31st January, 2016


WHD- MPAC Calls for Building of Bridges of Understanding 

(Lagos, 31/01/2016) February 1st, 2013, marked the first annual World Hijab Day (WHD) in recognition of millions of Muslim women who choose to wear the hijab and live a life of modesty. Now that we are in its third year, Muslim Public Affairs Centre (MPAC) will again devote this special day to share the contributions and achievements of Nigerian Muslim women in hijab in every area of human knowledge, achievements and endeavour as well as their travails.

The Hijab is the covering worn by millions of women the world over following the revelation in the Holy Qur’an:

“Say to the believing men that they should lower their gaze and guard their modesty…And say to the believing women that they should lower their gaze and guard their modesty; that they should not display their beauty and adornments except what (must ordinarily) appear thereof; that they should draw their veils over their bosoms and not display their beauty except to their husbands, their fathers…(a list of exceptions)” [Chapter 24, verses 30-31]

Nigerian Muslim women in hijab, just like their co-citizens, have championed social justice, equality, and tolerance, and over the decades they have been at the forefront of defending these values. They are exemplars in both the sacred and secular knowledge and have won major prizes in various professions as well as being leading lights in their respective areas of specializations whether in science or the arts.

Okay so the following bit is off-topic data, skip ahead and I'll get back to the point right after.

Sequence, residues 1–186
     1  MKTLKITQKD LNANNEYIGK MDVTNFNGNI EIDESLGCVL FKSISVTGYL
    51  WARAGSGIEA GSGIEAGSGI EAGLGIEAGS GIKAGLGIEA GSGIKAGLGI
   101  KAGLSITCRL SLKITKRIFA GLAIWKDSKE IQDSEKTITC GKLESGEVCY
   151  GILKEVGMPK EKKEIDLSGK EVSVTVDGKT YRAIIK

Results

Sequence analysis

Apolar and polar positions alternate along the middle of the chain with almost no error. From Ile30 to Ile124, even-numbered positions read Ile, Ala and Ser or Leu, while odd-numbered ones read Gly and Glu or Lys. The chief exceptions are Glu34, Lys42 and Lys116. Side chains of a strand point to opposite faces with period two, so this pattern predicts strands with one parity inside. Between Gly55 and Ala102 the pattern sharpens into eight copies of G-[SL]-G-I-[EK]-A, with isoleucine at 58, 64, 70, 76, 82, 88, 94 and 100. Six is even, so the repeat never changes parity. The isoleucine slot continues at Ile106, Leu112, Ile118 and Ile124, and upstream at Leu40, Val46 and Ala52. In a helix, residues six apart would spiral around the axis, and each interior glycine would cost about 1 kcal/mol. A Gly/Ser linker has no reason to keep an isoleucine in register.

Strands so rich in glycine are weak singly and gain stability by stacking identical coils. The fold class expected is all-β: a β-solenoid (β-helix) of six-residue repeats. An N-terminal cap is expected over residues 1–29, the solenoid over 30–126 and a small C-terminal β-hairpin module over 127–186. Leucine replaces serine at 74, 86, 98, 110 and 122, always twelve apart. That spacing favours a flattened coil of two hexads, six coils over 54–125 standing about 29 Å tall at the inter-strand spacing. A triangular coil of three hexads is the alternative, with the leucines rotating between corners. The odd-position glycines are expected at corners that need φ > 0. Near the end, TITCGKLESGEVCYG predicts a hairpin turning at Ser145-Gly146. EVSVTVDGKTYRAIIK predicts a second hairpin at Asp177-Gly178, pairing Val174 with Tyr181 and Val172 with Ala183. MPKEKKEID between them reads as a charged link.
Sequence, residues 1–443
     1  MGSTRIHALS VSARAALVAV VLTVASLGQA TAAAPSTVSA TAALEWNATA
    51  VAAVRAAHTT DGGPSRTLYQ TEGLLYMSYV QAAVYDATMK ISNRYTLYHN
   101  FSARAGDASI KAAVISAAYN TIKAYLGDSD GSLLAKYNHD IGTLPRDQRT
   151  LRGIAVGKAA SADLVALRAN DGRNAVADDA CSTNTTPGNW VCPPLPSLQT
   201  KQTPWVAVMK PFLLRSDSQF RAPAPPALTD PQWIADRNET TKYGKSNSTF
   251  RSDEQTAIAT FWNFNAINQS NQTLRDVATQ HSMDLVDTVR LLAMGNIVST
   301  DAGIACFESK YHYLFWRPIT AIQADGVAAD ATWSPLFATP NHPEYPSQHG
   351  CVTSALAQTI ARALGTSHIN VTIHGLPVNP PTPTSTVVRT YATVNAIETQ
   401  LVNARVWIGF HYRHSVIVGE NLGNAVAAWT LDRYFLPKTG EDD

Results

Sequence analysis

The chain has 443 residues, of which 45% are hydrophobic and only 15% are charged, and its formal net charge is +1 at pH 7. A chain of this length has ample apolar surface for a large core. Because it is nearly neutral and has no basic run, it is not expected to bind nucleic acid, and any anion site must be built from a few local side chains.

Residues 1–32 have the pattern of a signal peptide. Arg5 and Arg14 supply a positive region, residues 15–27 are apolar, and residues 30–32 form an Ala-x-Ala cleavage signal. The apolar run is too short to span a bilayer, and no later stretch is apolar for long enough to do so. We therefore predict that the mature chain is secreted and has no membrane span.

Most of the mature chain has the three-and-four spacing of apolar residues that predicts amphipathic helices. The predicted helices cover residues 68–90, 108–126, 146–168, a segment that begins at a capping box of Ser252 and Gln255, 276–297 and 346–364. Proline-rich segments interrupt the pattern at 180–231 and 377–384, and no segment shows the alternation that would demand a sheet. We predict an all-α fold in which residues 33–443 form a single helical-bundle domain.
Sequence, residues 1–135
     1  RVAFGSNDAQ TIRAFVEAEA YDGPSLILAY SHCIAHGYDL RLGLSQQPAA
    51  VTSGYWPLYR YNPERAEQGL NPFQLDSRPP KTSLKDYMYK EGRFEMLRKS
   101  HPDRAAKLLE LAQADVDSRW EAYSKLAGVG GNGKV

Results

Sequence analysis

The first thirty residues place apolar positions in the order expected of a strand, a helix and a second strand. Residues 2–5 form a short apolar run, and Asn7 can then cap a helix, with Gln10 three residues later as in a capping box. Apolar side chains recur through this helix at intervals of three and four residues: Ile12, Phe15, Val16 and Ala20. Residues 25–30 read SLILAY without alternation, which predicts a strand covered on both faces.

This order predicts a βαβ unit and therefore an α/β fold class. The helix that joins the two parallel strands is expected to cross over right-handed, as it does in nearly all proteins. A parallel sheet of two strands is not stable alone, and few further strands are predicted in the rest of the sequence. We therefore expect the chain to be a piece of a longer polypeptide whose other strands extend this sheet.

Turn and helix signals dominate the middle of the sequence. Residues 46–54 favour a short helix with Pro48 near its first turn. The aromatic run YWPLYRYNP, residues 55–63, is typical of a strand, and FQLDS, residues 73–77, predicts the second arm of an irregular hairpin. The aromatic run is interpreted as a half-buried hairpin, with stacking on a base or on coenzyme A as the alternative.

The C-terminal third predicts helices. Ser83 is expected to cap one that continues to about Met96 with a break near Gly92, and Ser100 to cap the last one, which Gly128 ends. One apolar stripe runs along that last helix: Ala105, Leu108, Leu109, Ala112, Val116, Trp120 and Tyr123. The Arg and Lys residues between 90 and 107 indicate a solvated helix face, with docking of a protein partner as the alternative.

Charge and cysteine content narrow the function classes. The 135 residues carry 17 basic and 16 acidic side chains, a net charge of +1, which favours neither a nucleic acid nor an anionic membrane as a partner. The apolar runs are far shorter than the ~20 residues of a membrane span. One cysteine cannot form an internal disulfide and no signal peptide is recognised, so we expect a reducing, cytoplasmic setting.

Despite their glorious achievements and contributions, Muslim women continue to face untold hardship and challenges due only to their choice to fulfill one of the obligations in their faith. In some states in Nigeria, a significant population of Muslim students are coerced to make an unfair choice between religious observance and educational opportunities as those states continue to maintain that their state-sanctioned discriminatory policies against the hijab in public schools can supersede the Constitutional guarantee of freedom of religious expression for all.

At the national level, stereotypes, hate-motivated prejudice and bias against Muslims still persist: inhumane treatments, disdainful looks, sneering comments and water-cooler jokes. All these are definite signs that Islamophobia is thriving in our society. Islamophobia can overpower rational discourse and harm our nation’s true interests. We call on the nation leaders, political establishments, the media and civil society groups to utilise the opportunity of this global event to build bridges of understanding, mutual discovery and open up new pathways to understanding and counteracting some of the controversies surrounding why Muslim women choose to don the hijab.

Muslim women, like all others, have the right to practice their religion. They also have the right to be treated equally and the right not to be stigmatized or discriminated against or harassed because of their religion. Like in other democratic countries, it is time for Nigeria to produce anti-hate laws which are essential protection against hate-mongers who continue to undermine the country’s diversity, peace, stability and tolerance.

Among the many activities and events to be held during the WHD on 1st of February, 2016 are hijab advocacy projects, “Muslim for a Day” – encouraging non-Muslims to don the hijab for a day, articles and other complementary presentations.The WHD seeks to contribute to better awareness, greater understanding and a peaceful world.




Disu Kamor
Executive Chairman
Muslim Public Affairs Centre, MPAC


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